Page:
Trading Nation

Will Congress inadvertently halt a rate hike?

How government shutdown may affect stocks

Shutdown talk is again gripping Washington. With Congress heretofore unable to reach a budget agreement, the government should see a partial shutdown beginning Oct. 1. And that could be the real reason that the Federal Reserve won't raise rates, according to one strategist.

"In the end we probably won't get a shutdown, but the chances of a shutdown in the market's eyes will probably move from 5 to 10 percent, to 70 percent, back to 5 to 10 percent. And if you're a Fed governor on Thursday of this week, and you're looking at the risks, it's another reason to relax and hold off," said Larry McDonald, head of U.S. strategy at Societe Generale, in a Monday "Trading Nation" segment.

The central question for the market this week is whether the Fed will finally raise its federal funds rate target. For McDonald, the prospect of a government shutdown could alter the market's calculus.

"It would take about 0.2 percent off of GDP growth that quarter, so that's essentially like a rate hike," McDonald said. "The Fed governors will look at it like hiking rates, so therefore they'll hold off" on doing the same.

Read More These sectors could rally if the Fed stays put

Getty Images

Markets also may not take a rate hike well. Last time there was a shutdown, in 2013, the S&P 500 lost 5.5 percent and the VIX rose 70 percent in the period just before the shutdown to when the shutdown ended, said McDonald.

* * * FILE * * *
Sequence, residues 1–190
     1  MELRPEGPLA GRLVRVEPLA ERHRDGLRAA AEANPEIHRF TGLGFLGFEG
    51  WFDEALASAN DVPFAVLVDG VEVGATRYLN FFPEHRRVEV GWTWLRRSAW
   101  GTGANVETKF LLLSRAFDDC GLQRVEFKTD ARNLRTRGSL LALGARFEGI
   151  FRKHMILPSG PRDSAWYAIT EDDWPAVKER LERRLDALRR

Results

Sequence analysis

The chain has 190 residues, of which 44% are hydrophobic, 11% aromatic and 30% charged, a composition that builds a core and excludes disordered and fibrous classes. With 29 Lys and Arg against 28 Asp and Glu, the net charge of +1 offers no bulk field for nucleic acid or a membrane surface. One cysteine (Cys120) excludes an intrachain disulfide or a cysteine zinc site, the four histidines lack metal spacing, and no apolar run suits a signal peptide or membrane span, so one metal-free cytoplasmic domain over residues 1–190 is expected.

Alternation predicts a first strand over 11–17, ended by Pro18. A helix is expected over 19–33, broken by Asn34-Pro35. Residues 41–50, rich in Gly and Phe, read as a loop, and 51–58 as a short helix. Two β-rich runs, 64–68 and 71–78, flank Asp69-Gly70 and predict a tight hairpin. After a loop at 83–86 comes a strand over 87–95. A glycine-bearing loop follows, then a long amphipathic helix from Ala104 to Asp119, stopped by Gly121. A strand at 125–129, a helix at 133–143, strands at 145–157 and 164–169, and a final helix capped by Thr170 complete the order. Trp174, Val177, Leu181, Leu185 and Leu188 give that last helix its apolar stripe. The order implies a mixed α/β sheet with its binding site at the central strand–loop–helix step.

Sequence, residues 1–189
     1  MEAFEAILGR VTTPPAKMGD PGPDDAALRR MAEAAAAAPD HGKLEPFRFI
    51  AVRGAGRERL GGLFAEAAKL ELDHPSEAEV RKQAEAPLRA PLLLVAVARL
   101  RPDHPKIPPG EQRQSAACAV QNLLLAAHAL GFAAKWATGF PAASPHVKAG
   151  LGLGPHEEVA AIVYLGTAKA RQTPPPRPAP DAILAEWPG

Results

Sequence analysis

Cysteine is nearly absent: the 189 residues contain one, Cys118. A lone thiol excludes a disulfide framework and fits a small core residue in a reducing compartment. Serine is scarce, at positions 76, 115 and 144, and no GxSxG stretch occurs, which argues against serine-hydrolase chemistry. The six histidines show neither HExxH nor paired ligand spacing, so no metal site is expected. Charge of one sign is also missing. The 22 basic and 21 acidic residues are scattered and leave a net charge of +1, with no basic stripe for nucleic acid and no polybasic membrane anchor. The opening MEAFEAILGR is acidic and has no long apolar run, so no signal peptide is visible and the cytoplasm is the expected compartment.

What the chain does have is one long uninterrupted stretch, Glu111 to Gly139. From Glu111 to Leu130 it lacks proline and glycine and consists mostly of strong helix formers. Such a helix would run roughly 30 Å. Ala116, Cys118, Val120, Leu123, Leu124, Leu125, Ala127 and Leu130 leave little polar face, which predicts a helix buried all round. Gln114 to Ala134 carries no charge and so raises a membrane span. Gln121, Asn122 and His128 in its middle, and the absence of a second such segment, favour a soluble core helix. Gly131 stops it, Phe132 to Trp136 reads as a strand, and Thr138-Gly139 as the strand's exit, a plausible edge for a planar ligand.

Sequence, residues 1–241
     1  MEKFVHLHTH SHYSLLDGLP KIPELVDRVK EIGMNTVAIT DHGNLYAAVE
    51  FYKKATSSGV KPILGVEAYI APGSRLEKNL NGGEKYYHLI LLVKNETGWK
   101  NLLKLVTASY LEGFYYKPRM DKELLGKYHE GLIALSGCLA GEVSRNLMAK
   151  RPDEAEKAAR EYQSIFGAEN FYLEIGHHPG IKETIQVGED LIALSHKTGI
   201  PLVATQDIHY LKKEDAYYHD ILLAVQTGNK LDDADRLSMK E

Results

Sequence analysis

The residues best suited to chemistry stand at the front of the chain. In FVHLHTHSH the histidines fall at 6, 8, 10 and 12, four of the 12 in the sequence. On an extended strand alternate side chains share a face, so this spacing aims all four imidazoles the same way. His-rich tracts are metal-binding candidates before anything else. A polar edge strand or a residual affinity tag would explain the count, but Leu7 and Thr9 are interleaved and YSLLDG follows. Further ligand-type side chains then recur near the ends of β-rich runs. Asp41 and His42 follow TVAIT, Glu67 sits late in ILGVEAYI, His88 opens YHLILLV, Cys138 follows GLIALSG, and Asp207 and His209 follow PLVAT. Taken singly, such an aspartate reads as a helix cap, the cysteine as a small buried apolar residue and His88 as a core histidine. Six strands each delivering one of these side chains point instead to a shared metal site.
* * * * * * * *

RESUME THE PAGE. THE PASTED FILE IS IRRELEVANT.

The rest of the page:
Currently, Congress needs to pass a continuing resolution in order to keep the government fully funded. While Republican Party leadership appears to be attempting to ward off that possibility, an effort on the part of conservatives to block federal funding for Planned Parenthood threatens to lead to a stalemate that would force a shutdown. 

With a solution unlikely before the Fed makes its call,  "the Fed cannot hike this week with political policy uncertainty on the rise," said McDonald.

The chances of a rate rise don't seem particularly high at the moment anyway. Traders only foresee a 25 percent chance of a September hike according to CME Group's FedWatch tool, a number that has been falling over the past few months.